fentanyl is deadlyMany deaths from fentanyl occur in first-time users, or those using it for only a short time, as they are unaware of the drug’s powerful depressant effects. Illicit drug use comes with many risks. For example, there is no way of knowing whether heroin purchased contains fentanyl, knowing its strength or concentration, or if fentanyl is present as a lacing agent. Fentanyl pills often come from unregulated labs. Apart from the deaths due to overdose from pure fentanyl, a high percentage of fentanyl deaths are traced to the dangerous additive effects of laced heroin or when combined with other drugs.

A comprehensive 10-year review of all drug-related deaths in British Columbia revealed that fentanyl deaths are on the rise. Toxicology post-mortem in 2012 showed fentanyl at 5% of all illicit drug deaths. Toxicology reports showed that 85% of all drug fatalities from 2021 and 2022 involved fentanyl and that high concentrations of fentanyl are increasing year over year, revealed in post-mortem testing.12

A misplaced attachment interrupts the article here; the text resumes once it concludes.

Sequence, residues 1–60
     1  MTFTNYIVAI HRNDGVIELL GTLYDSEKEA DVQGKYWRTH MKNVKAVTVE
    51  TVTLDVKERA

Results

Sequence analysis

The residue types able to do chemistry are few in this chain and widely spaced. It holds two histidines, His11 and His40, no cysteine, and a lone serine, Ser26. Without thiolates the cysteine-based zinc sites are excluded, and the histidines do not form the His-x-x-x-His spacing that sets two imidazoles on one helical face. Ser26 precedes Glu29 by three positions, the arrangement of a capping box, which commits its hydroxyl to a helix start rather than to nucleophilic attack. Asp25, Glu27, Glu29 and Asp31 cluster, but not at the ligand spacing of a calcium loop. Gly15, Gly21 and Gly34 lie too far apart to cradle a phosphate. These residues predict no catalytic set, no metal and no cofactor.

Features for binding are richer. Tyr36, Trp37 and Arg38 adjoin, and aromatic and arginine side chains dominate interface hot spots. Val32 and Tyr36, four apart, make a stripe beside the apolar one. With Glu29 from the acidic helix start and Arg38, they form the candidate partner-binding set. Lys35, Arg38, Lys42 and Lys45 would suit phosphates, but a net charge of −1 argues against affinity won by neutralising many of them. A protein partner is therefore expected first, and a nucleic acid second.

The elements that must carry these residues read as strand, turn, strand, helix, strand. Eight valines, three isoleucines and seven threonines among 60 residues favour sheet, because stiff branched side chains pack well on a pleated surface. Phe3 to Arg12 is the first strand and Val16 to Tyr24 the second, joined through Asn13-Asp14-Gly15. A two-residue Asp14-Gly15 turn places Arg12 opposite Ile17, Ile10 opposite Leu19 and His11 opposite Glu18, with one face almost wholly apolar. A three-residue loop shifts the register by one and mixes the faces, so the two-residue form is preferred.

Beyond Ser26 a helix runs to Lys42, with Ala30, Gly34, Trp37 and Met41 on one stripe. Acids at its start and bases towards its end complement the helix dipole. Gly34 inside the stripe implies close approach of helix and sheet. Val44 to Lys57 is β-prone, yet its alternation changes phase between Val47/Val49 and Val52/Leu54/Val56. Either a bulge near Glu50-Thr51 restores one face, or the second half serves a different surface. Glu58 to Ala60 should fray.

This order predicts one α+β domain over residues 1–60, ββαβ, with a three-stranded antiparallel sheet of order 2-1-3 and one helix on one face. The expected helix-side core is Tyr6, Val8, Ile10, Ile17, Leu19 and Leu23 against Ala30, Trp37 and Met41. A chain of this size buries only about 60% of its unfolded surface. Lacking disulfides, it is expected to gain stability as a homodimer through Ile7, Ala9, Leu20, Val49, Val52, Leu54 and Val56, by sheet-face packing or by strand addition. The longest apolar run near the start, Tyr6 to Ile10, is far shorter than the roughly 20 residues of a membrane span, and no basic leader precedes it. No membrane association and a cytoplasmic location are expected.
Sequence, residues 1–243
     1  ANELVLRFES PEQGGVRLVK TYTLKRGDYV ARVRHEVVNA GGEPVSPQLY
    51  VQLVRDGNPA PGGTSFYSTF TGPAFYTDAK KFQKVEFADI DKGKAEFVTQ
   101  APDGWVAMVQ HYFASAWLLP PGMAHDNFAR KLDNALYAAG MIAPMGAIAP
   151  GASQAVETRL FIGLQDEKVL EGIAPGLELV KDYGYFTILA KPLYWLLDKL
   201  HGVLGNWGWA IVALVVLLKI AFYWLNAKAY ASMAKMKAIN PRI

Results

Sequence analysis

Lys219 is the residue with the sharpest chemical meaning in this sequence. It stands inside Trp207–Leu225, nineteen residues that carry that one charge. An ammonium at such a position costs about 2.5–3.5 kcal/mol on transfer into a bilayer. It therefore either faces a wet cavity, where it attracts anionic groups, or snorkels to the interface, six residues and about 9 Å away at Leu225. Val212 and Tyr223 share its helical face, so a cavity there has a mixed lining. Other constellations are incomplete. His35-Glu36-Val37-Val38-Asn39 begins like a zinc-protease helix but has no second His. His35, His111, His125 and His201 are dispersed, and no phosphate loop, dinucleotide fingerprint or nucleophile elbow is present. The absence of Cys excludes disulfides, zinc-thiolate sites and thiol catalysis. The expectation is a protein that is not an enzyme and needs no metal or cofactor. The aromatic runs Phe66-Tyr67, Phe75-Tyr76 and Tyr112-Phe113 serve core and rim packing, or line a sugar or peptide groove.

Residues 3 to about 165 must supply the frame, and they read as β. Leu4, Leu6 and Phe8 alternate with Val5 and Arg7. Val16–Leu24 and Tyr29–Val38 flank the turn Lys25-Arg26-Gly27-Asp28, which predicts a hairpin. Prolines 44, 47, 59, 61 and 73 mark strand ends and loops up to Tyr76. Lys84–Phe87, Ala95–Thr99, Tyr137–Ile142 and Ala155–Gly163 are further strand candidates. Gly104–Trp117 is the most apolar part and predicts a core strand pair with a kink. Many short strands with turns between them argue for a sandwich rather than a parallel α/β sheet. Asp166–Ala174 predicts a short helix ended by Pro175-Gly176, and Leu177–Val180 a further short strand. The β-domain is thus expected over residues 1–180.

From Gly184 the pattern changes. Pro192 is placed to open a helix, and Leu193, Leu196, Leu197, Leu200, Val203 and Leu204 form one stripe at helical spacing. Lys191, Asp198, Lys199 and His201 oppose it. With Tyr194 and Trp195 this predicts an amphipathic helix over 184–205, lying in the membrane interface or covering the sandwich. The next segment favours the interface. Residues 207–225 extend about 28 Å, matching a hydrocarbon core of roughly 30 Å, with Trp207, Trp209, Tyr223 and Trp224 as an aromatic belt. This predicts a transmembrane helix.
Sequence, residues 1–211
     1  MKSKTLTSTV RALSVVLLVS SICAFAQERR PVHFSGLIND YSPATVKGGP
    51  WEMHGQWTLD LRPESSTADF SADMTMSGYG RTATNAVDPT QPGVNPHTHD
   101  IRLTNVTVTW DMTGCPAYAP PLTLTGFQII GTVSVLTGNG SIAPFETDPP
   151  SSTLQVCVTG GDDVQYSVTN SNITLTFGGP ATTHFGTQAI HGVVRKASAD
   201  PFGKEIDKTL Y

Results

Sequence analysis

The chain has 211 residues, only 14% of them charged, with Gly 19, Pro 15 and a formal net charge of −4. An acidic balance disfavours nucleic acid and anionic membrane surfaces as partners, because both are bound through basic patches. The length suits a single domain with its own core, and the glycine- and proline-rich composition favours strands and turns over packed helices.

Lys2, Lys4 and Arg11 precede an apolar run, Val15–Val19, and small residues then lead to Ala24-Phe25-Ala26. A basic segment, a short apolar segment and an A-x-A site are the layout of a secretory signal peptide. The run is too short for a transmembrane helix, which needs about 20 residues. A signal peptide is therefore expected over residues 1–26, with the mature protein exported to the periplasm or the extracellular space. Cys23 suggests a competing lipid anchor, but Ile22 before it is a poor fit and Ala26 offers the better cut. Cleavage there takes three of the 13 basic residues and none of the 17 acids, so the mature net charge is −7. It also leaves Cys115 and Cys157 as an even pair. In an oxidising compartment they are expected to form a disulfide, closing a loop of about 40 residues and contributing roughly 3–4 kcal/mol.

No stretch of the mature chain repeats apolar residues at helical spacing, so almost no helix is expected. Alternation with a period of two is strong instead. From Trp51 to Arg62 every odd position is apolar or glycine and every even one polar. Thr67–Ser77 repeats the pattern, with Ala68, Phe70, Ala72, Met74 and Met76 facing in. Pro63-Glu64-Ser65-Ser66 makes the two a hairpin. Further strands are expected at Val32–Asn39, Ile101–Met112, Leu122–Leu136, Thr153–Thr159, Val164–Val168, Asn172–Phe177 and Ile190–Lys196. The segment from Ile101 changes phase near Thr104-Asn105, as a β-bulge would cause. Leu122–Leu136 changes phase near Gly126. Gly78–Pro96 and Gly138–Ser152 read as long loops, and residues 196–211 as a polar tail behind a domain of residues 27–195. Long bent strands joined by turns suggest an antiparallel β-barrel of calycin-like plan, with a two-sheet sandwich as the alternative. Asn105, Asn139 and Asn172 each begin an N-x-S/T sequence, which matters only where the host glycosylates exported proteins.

In the US, the National Center for Health Statistics shows the same trends, which worsened even more during the recent global pandemic.13,14

Fentanyl Alternative Names and Slang

Fentanyl is the generic name for a synthetic opioid medication developed in the 1960s. Brand names include Duragesic (transdermal patch), Actiq (lollipops), Fentora (effervescent buccal tablets), and Abstral. There is a nasal spray under the brand name Lazanda. Other brand names include Matrifen, Haldid, Onsolis, Instanyl, Durogesic, and innumerable others in the US and across the globe.6

Names for fentanyl or drugs laced with fentanyl include China White, China Girl, Tango, Cash, Goodfella, Friend, Murder 8, Jackpot, TNT, Apache, Dance Fever, Heroin Popcorn, Fenny, and for the transdermal form, patch, sticky, sticker, strips.2